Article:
On February 25, 2021, CCD sent Iowa Governor Kim Reynolds this letter urging her not to sign HF590 and SF413 into law on the ground that the legislation is unconstitutional under long-settled Supreme Court precedent establishing the "one person, one vote" principle.
The legislation has passed both the Iowa House and the Iowa Senate, and news media reports indicate that Governor Reynolds intends to sign it.
If enacted, the legislation will impose several changes to Iowa election law that will restrict voters' ability to participate, including by shortening the early voting period, closing polling places earlier and requiring that absentee ballots be received by elections officials on or before election day. As such, it is part of a spate of legislation introduced following the 2020 general election that appears to serve no legitimate purpose and will only make it harder or impossible for many voters to participate -- especially voters from disadvantaged groups. We oppose such barriers to participation on principle: states should work to make it easier, not harder, to vote.
The aspect of the legislation that is clearly unconstitutional, however, pertains to candidates of "nonparty political organizations" who seek access to Iowa's general election ballot. If enacted, the legislation will require that such candidates obtain nomination petition signatures from a specified number of voters who reside in a specified number of counties. The Supreme Court held such county-based distribution requirements unconstitutional in 1969. See Moore v. Ogilvie, 394 US 814 (1969). Because counties vary greatly by population, the Court concluded that requiring the same level of support from different counties violates the one person, one vote principle established by its prior voting rights cases. Since then, federal courts have consistently held county-based distribution requirements unconstitutional.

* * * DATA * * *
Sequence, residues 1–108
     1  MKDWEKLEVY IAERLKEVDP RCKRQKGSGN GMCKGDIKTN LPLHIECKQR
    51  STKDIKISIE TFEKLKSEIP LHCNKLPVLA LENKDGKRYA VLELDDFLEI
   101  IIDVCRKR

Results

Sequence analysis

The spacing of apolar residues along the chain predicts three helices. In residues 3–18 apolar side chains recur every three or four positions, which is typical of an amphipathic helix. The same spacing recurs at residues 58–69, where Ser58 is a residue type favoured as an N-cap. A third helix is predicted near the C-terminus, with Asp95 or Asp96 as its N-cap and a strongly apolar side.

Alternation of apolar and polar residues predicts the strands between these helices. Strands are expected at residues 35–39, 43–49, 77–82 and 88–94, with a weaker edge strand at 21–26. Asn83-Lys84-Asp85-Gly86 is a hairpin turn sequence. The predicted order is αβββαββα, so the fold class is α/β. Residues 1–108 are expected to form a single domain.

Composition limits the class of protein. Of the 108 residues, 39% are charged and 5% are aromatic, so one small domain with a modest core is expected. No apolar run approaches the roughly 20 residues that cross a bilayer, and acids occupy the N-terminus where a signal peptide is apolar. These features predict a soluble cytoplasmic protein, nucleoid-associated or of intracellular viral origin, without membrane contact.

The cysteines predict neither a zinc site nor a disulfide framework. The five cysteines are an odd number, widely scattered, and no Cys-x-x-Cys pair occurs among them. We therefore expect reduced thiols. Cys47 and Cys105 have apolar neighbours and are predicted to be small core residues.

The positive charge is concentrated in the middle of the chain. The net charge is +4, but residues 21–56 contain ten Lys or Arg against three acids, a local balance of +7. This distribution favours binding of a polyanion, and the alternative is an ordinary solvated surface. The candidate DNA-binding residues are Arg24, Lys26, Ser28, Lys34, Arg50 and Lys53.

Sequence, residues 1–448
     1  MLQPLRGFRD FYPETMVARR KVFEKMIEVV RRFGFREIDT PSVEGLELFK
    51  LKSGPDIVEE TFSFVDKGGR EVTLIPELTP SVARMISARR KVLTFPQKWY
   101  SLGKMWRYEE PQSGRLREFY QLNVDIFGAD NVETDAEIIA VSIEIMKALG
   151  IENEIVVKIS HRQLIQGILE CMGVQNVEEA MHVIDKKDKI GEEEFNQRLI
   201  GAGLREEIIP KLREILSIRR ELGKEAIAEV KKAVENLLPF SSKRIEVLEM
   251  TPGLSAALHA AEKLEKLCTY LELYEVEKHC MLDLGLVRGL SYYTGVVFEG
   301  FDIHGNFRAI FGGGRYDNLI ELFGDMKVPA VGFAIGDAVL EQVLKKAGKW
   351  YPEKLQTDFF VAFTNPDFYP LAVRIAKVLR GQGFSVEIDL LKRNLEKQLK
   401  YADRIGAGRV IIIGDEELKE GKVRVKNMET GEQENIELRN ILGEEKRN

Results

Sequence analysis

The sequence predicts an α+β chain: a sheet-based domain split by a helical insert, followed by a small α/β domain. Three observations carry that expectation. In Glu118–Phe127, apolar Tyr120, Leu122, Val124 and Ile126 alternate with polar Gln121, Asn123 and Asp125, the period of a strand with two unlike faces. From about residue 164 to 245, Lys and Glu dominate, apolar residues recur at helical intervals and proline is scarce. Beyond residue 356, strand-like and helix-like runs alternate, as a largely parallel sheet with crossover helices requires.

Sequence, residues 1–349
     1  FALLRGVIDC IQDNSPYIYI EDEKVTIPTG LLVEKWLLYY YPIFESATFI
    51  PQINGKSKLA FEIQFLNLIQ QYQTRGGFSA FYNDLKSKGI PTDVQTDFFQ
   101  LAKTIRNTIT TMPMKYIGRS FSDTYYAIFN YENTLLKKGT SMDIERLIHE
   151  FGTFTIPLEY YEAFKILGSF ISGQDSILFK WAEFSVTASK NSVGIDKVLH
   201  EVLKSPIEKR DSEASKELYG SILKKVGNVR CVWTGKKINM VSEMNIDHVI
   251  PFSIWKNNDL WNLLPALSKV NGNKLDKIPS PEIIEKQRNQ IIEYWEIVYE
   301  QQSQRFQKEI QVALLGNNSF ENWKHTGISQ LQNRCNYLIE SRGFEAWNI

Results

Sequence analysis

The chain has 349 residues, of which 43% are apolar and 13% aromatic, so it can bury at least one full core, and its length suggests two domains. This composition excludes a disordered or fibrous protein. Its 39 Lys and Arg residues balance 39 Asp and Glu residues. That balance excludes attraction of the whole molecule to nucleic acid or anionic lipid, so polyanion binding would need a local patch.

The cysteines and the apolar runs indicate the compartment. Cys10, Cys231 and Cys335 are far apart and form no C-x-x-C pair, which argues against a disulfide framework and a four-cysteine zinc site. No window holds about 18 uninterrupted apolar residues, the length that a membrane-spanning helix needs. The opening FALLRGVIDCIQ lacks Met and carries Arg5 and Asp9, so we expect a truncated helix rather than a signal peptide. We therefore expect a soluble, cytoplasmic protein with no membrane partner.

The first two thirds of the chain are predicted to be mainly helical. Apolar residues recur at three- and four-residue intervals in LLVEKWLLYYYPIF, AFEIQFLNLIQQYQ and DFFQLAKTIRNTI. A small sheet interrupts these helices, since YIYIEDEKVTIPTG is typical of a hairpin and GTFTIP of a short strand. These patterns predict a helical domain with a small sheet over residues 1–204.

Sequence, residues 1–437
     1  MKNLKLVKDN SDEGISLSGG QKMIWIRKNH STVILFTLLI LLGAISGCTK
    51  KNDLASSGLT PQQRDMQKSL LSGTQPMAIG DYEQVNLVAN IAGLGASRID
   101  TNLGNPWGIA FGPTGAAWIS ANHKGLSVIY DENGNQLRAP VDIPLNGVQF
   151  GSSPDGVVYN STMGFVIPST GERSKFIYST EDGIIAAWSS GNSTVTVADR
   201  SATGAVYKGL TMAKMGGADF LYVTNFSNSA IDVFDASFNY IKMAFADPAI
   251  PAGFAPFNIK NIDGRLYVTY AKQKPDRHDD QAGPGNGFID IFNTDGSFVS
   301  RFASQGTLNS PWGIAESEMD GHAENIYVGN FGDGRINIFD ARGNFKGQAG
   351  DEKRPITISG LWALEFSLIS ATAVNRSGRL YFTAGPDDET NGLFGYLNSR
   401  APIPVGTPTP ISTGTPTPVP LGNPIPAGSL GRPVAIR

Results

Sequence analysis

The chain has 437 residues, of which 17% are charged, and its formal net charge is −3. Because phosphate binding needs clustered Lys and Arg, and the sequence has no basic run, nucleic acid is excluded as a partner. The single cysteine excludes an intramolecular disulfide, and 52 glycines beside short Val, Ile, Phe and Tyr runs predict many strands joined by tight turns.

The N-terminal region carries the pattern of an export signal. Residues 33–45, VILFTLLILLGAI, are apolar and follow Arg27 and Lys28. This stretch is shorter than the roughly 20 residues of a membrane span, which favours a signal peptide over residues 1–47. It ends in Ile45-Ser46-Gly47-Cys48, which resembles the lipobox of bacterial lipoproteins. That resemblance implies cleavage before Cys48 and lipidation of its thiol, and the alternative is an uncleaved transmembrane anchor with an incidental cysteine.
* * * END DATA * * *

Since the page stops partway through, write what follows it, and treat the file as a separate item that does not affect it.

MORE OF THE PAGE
We hope Governor Reynolds reconsiders her reported support for Iowa's unconstitutional new legislation. After all, we have already won one legal challenge to county-based distribution requirements (in Pennsylvania). See Constitution Party of Pa. v. Cortes, 877 F.3d 480 (3rd Cir. 2017). Further litigation on this issue should not be necessary.